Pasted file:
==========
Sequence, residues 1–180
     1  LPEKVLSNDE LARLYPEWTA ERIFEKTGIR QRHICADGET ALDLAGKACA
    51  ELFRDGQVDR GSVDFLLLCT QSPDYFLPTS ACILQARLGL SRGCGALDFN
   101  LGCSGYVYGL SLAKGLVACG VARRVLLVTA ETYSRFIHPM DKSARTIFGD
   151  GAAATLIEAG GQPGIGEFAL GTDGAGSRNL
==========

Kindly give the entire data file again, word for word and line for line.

Sequence, residues 1–180
     1  LPEKVLSNDE LARLYPEWTA ERIFEKTGIR QRHICADGET ALDLAGKACA
    51  ELFRDGQVDR GSVDFLLLCT QSPDYFLPTS ACILQARLGL SRGCGALDFN
   101  LGCSGYVYGL SLAKGLVACG VARRVLLVTA ETYSRFIHPM DKSARTIFGD
   151  GAAATLIEAG GQPGIGEFAL GTDGAGSRNL